Which insurances entitle natural persons to tax advantages?

Filing an annual tax return is considered an annoying chore primarily linked to loss of funds. Paying the owed tax, naturally, is not a happy process for anyone, but due to its mandatory nature, it needs be done annually before the end of April.

Those working solely under a labor contract traditionally feel relief that they are exempt from these irritating procedures, because they are not obliged to file an annual tax return. But is everyone aware that the tax return can bring not only expenses, but also benefits?

Tax benefits for personal contributions to “life” insurance

If you have concluded a “life” risk insurance or one of a savings or investment nature, you can benefit from the following tax advantage: Payments toward the “life” insurance are deducted from the annual tax return, the advantage being limited to 10% of the amount of the taxation base.

Tax advantages for personal contributions to a Voluntary pension fund

Saving extra for retirement? You can benefit from a tax advantage, regardless of the Voluntary pension fund (VPF) you use for insurance. Similarly to “life” insurance, you have an option to reduce your annual taxation base (that is, our income, less social security contributions, before they are taxed with a 10% tax on income) by the amount of your personal contributions to VPF for the current year. Here, once again, the maximum amount of the advantage is 10%.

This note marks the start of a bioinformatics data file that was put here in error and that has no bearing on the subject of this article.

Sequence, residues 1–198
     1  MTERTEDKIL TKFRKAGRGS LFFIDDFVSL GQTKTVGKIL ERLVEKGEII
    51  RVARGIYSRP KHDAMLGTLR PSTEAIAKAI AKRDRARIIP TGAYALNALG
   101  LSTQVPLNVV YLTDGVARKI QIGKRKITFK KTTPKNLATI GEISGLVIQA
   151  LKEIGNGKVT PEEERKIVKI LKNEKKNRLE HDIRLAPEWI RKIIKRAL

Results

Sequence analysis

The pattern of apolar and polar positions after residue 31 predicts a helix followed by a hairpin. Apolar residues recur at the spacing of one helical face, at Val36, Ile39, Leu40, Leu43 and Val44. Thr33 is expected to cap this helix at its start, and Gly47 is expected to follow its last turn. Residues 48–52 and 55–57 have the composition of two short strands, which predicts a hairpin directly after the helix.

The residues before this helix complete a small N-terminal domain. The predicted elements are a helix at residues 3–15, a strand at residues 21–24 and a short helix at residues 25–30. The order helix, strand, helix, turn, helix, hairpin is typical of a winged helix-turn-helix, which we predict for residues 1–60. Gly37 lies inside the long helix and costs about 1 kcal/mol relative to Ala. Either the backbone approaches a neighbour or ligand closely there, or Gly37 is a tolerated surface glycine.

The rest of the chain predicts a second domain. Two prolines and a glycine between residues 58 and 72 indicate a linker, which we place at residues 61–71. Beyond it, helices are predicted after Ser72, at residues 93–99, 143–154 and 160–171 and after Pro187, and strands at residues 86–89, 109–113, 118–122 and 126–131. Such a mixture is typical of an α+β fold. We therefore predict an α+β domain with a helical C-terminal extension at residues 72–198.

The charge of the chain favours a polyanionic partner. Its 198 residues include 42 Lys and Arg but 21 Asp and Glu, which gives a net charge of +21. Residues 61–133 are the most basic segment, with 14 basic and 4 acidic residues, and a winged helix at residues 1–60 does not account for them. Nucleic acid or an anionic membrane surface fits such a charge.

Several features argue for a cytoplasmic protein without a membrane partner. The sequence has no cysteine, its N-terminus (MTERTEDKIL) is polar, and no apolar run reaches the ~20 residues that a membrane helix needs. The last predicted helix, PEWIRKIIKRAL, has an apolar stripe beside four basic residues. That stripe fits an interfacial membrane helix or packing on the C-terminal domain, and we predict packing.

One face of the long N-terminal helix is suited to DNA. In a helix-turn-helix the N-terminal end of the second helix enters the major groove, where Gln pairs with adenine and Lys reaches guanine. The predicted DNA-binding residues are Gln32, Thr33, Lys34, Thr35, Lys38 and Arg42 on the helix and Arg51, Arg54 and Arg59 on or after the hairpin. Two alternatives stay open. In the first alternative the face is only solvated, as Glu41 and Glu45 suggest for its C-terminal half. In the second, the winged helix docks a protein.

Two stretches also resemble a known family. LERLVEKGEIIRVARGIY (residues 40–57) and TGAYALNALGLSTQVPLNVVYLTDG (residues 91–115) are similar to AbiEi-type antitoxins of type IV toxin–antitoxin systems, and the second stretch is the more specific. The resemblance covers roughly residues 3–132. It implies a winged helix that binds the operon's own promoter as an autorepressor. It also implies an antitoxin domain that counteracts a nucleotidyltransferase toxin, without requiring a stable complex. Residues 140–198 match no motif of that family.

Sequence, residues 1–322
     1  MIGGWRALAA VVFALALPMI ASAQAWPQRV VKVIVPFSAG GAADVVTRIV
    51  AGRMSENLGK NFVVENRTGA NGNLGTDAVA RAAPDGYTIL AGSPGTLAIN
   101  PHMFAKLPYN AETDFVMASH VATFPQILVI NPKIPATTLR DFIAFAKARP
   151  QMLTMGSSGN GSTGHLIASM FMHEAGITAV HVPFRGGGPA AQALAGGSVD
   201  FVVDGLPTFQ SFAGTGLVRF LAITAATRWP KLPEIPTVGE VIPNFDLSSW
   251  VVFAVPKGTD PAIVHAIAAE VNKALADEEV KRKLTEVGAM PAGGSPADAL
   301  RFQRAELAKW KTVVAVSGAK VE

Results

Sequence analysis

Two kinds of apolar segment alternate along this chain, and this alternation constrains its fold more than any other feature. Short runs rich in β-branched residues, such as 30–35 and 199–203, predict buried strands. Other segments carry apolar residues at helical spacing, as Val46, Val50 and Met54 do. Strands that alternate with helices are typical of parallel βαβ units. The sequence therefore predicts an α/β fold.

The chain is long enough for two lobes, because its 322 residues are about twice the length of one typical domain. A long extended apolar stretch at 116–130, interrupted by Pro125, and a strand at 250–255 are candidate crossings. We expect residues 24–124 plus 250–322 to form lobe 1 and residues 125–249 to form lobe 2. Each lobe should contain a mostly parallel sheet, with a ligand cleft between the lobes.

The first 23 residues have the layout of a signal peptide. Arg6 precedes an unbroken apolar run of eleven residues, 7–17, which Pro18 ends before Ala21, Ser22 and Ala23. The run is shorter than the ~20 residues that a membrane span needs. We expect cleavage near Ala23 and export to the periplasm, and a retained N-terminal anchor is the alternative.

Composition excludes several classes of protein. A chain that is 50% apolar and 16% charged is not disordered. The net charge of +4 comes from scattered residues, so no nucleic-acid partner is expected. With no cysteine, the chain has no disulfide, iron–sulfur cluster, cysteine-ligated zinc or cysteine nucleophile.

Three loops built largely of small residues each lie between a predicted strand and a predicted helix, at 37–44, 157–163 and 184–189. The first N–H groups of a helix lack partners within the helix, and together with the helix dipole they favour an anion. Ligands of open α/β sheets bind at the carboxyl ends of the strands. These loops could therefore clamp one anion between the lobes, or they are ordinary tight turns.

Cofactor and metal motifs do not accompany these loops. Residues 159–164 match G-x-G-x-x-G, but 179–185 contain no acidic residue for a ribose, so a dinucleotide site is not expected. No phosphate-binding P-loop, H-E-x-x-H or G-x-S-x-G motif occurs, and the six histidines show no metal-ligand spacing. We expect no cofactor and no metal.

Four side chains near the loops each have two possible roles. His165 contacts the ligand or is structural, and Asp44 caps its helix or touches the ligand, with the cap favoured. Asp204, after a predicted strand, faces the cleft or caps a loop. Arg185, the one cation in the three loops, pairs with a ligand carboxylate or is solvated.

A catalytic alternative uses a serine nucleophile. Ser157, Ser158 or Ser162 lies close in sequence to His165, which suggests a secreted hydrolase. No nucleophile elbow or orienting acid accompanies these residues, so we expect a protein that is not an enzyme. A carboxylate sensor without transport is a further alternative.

It is important to note that these advantages DO NOT apply for contributions to a Universal or Professional pension fund, but only to personal contributions to a Voluntary pension fund.

Supplementary health insurance

In the event that not the employer, but you are paying your contributions to your supplementary health insurance or you have decided to conclude one for yourself and your family, you can also get 10% back of the amount of personal contributions made throughout the year by filing a statement under art. 50 of the Income Taxes on Natural Persons Act.

What we should know:

  • Contributions must be personal, and not at the employer's expense;
  • To achieve a maximum tax effect with a savings “life” insurance, it is a good idea to conclude insurance for a period of 15 years or more;
  • If you need to withdraw a part of the amount accrued in the Voluntary pension fund, try to withdraw the accrued income, without the principal, because it is exempt from taxes;
  • If you transfer your contributions through an employer (but they are at your expense and the employer is not benefiting from a tax advantage), you will obtain your tax effect monthly and you do not need to file the return at the end of the year;
  • To file your return online, you need to have a Personal Identification Code (PIC), which can be obtained free of charge from an NRA office, or have an electronic signature.

If you still do not have a “life” insurance or additional health insurance, or you wish to save voluntarily for retirement, contact us for more information. We will be happy to prepare a personal offer according to your needs.



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